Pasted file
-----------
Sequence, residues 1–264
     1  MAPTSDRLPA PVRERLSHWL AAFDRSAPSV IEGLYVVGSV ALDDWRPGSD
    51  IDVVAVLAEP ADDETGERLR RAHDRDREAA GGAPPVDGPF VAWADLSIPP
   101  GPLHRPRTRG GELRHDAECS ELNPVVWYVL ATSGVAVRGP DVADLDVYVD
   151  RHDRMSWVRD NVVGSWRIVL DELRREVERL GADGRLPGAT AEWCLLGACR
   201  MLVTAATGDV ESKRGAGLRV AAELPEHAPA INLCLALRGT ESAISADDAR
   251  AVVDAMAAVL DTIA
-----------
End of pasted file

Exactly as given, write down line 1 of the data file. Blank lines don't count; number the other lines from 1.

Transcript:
Sequence, residues 1–264